January 14, 2009


Presented below are statistics for the Dow Jones Industrial Average, the S&P 500 and the Nasdaq Composite Index.

Dow Jones S&P 500 Nasdaq

Index at 12/31/08 8,776.39 903.25 1,577.03

Index at 9/30/09 9,712.28 1,057.08 2,122.42

Index at 12/31/09 10,428.05 1,115.10 2,269.15

Full year % change 18.8% 23.5% 43.9%

Fourth qtr. % change 7.4% 5.5% 6.9%

The stock market's rally continued from the third quarter into the fourth quarter, slowing its pace slightly as the fourth quarter progressed but still closing well above March's record lows. The S&P 500 broad market showed a 5.5% gain from the third to 4th quarter and a full year gain of 23.5%. The Dow Jones Industrial Average shared similar gains up 7.4% in the fourth quarter and 18.8% for the year. The last days of December it lost some footing but January has begun on a positive uptick as of the time of this writing.

From the Dow's low point on March 9th, 2009, when it was down 53.8% from its all time high in October of 2007, it posted some of its biggest gains since the fourth quarter of 1998. The gains slowed some in December but still the Dow closed up 59.3% from its 12-year low in March. This was the Dow's fastest climb since 1933. On October 9, 2007 the Dow set its all time record high of 14,164.53. As of the Dow's close in 2009 it remains down 26.4% from this record high and down 9.3% from 10 years ago. That makes this the worst decade since the 1930s when the Dow dropped 39.5%. The bright side of this is that there remains much room for improvement and recovery.

Institutions led most of the return to equities during 2009. Individual investors remained skeptical and continued to move money from stocks to less riskier assets, such as bonds, throughout much of 2009. The so called "smart money" captured the March to December rally while most individual investors were still pulling out of their equity holdings and getting into the less risky bonds during the same period. Morningstar, Inc. reported that individual investors pulled $13 billon out of U.S. stock mutual funds and bought $239 billion in bond funds between March and November.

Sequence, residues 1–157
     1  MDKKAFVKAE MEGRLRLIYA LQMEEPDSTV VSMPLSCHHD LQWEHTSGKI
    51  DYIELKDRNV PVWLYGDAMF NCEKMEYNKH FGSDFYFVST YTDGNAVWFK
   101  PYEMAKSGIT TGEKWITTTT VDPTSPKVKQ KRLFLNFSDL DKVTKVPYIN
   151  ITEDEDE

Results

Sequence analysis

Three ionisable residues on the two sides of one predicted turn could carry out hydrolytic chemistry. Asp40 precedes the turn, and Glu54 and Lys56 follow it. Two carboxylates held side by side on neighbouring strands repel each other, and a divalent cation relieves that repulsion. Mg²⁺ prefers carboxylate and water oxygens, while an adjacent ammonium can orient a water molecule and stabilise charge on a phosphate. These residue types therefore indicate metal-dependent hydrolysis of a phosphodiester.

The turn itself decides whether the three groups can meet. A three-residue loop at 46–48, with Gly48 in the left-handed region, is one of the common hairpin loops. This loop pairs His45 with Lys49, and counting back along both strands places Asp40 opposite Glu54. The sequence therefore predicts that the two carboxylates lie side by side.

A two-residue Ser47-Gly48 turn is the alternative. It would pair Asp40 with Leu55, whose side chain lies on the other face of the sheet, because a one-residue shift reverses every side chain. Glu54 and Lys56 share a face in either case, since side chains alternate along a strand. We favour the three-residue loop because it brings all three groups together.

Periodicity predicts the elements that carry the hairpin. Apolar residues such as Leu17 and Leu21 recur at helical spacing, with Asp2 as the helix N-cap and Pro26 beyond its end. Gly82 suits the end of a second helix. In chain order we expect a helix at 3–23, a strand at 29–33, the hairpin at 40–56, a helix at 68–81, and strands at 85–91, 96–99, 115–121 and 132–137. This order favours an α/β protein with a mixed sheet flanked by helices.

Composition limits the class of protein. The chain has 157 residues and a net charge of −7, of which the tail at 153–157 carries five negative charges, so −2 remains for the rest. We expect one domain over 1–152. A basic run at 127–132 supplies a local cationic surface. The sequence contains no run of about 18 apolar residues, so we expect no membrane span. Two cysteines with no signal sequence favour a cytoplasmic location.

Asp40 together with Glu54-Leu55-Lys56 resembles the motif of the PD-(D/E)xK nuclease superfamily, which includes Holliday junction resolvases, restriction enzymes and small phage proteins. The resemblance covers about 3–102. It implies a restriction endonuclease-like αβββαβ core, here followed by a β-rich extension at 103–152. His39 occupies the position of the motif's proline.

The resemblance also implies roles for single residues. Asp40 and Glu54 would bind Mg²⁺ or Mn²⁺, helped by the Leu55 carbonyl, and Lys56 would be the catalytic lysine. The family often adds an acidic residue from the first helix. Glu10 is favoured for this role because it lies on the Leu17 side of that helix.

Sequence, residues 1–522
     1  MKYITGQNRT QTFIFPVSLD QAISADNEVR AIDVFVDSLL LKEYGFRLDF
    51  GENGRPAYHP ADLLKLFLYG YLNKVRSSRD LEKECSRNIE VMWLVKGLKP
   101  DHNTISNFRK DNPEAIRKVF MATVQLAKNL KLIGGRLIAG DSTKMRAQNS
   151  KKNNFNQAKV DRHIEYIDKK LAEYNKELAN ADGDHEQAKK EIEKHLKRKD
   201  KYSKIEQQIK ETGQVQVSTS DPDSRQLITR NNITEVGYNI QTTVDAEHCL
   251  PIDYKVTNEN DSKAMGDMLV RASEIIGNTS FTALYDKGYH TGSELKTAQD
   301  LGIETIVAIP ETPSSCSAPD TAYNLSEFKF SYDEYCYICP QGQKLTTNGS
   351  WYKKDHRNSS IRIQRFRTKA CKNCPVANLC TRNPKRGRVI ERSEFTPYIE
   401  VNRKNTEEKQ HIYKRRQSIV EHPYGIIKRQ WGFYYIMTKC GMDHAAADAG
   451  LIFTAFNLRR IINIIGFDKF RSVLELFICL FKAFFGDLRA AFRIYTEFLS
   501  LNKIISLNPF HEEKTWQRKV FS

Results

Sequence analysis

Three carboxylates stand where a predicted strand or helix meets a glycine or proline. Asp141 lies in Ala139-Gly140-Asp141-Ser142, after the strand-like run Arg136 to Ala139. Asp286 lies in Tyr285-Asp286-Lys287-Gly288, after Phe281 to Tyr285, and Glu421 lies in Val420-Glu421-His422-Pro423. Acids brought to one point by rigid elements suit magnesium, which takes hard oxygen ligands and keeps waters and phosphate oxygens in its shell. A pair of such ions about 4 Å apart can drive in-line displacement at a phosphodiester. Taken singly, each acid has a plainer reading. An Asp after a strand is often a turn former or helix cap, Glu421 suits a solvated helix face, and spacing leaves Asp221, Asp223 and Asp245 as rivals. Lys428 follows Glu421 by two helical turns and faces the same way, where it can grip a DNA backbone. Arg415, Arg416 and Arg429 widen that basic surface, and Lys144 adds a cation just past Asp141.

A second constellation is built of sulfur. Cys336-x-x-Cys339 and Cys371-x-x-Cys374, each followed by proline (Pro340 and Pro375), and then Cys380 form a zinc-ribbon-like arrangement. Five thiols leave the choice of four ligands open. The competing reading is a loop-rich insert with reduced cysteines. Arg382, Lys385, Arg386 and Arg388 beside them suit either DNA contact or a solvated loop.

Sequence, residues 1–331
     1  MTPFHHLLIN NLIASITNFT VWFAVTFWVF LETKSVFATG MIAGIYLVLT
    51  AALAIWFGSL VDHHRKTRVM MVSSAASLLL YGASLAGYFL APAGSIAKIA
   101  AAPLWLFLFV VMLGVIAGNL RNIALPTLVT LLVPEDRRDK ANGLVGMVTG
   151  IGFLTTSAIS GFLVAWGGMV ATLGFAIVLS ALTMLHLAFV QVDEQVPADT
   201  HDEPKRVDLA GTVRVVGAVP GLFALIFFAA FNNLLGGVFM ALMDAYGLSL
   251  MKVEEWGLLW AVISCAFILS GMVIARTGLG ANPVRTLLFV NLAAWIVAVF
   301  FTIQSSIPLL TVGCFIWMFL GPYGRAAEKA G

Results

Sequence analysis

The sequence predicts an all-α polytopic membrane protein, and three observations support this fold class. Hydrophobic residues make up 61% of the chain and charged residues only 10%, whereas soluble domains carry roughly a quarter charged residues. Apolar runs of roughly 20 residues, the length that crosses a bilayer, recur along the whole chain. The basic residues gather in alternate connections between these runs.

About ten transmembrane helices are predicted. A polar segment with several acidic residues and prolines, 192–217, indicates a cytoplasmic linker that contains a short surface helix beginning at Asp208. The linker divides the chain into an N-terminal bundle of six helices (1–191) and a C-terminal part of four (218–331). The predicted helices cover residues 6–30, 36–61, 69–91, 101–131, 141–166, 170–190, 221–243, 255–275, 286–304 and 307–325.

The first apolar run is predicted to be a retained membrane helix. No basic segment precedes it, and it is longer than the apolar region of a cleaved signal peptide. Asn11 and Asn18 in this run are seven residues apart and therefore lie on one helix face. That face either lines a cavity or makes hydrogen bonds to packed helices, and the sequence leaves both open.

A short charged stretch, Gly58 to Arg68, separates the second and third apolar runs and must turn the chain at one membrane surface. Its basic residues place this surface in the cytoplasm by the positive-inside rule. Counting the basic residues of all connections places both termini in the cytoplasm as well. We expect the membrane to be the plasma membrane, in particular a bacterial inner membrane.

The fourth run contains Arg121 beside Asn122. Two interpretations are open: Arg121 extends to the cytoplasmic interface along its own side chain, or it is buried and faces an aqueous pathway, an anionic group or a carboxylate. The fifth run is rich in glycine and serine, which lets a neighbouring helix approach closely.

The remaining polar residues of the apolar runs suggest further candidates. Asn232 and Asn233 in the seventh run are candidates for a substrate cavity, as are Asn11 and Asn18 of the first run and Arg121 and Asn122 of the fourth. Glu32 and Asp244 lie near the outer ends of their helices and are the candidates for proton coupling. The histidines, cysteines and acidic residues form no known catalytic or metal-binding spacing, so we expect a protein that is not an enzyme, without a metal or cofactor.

Inflation was at the forefront of many discussions among investors during 2009 and continues to be so going into 2010. Although there was much talk of inflation, there was hardly any of it in 2009 and it remained relatively flat. The Federal rate and housing markets are usually significant signposts as to the direction of inflation. During 2010 this will continue to be a hot topic and a scrutinized area as investors look to the Fed policy for clues. The infusion of the government's fiscal stimulus and deficit spending will begin to show their longer term effects this year not just as they relate to inflation but in the broad U.S. economy.

With interest rates at near-zero or zero, bonds enjoyed a very profitable year in 2009. Since bond yields move inversely to interest rates 2009 continued to be a banner year for bonds in the U.S. and abroad. Ten year U.S. Treasuries began the year at 2.22% due to investor's flight to quality after the stock market's enormous losses in 2008. As of December 14th Treasuries were yielding 3.55%. This was an indication that investors risk appetite had returned over 2009. They sought riskier bonds such as 10-year investment-grade bonds that started the year at 6.32%, dropping to 5.29% as of December 14th. The decline in yield on the investment-grade bond indicated that investors were demanding the higher yielding and more risky bonds. The narrowing of the yield spread between 10-year junk bond yields and 10-year Treasuries from 13.5% in January 2009 to 5.51% in December 2009 also indicated increased investor risk tolerance.

Global stock funds enjoyed being the frontrunner for 2009 over U.S stock funds with emerging markets posting the largest gains in the global class. Emerging markets are typically highly volatile and as their overall 72% gain in 2009 shows they can have big up swings. The Dodge and Cox International Stock Fund was up 48% for the year and was the top actively managed fund according to Lipper, Inc.

Overall 2009 was an unprecedented year in the financial markets. The government's stimulus infused $787 billion to shore up companies on the brink of failure. For the time being the tactics appear to have breathed life back into the economy. 2010 looks to bring continued recovery albeit at a slower pace. To that notion we will be keeping an eye on the Fed's interest rate policy which currently remains at all time lows. The Fed's pledge to keep rates low for an "extended period" combined with the recovery in the housing market will be strong indicators of overall revitalization of the U.S. economy.

Please call if you have any questions regarding your Quarterly Asset Monitoring Statement or if you wish to discuss your investment strategy.

Joseph M. Dowling, CPA
Sean M. Dowling, CFP